How Academic Freedom Ends

Timothy McLaughlin

Last month, a group of University of Hong Kong academics gathered on the third floor of the campus’s Jockey Club Tower for a highly anticipated town hall. Nearly a year had passed since Beijing imposed a new security law on Hong Kong, arresting dozens of peoplereengineering the territory’s voting system, and seizing the assets of a publicly listed company linked to activists. Staff members at the prestigious university, the city’s oldest, were seeking reassurance about how this new reality would change the school, its research, and their jobs.

The takeaway, one of those in attendance told me, was that “help is not on the way.”

By the time of the meeting, the university had severed ties with its students’ union, issuing a scathing statement against the group that read like party-speak from Beijingtorn down colorful walls of protest art along a main thoroughfare; and instituted a heavy security presence on campus.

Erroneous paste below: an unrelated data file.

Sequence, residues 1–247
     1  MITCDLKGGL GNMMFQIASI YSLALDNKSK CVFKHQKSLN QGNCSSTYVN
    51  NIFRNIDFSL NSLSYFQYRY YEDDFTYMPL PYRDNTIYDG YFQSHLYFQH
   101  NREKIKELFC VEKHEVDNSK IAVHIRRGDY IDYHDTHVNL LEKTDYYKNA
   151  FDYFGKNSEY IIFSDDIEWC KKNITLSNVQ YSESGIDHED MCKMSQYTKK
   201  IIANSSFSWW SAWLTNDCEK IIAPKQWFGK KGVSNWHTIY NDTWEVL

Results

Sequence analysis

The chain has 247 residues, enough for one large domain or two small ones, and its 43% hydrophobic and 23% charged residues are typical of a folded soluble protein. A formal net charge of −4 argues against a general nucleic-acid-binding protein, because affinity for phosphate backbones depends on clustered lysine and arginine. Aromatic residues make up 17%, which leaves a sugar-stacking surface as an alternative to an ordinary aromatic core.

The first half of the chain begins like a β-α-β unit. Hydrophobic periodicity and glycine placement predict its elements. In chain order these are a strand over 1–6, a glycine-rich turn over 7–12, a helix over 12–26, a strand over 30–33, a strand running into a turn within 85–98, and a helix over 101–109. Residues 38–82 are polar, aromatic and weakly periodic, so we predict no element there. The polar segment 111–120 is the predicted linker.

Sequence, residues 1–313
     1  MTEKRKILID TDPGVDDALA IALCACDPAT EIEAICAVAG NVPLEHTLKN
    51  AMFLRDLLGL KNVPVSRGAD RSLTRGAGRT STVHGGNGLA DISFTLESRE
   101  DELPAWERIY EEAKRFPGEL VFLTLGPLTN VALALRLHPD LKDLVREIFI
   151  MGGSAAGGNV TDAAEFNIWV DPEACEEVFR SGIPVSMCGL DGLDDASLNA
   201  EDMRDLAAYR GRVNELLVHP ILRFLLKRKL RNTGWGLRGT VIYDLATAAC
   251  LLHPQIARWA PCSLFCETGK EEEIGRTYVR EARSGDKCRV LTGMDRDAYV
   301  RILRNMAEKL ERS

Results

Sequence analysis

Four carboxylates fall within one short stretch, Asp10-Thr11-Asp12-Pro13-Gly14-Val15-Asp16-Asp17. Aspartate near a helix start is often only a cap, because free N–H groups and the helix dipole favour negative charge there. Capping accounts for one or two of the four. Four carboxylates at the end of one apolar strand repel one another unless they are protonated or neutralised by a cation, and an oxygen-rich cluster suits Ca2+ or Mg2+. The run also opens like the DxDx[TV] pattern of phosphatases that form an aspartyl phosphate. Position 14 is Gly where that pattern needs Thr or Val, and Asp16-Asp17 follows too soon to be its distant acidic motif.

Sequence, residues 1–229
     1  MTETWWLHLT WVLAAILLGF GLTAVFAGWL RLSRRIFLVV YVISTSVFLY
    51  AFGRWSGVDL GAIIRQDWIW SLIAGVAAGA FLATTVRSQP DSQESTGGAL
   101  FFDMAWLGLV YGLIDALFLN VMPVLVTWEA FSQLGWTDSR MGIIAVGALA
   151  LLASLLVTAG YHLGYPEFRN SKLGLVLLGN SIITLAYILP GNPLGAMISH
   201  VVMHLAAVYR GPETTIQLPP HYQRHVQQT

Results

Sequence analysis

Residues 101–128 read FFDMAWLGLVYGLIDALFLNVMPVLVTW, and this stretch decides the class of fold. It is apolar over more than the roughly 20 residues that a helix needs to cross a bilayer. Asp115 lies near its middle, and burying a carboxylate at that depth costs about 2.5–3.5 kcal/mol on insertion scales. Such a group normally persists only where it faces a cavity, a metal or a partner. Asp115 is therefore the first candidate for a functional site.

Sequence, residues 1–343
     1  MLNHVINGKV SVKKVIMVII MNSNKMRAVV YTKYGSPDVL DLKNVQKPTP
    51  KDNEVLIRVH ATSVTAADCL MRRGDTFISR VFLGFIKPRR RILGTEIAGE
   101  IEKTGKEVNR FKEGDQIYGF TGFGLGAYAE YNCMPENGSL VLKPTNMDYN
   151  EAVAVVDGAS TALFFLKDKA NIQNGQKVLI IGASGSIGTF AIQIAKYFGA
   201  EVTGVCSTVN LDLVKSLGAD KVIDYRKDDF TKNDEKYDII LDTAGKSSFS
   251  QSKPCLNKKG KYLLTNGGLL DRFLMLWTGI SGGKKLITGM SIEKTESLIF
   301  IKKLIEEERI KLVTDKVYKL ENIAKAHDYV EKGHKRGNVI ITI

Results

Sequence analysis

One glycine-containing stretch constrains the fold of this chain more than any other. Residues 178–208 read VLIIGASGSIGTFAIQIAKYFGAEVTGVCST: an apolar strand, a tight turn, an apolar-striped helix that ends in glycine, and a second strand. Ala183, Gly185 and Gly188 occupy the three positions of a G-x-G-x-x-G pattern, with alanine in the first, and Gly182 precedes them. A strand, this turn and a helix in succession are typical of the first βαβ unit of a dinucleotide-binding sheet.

The May town hall offered its audience little to feel confident about, according to multiple people who attended the closed-door session. The two administrators who addressed the group admitted that they had been caught off guard by the speed and breadth of the crackdown across the city. The assembled faculty pressed them on whether HKU would provide legal assistance if they were arrested for allegedly violating the law while working, what to do if students reported professors on a government tip line, and what educators may be forced to teach. (The new rules require universities to “promote” national security.)